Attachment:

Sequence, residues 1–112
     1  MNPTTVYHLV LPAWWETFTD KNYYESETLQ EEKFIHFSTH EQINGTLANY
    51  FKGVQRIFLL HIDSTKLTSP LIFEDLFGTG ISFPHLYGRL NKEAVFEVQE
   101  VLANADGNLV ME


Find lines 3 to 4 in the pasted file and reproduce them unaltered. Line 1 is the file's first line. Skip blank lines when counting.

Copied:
    51  FKGVQRIFLL HIDSTKLTSP LIFEDLFGTG ISFPHLYGRL NKEAVFEVQE
   101  VLANADGNLV ME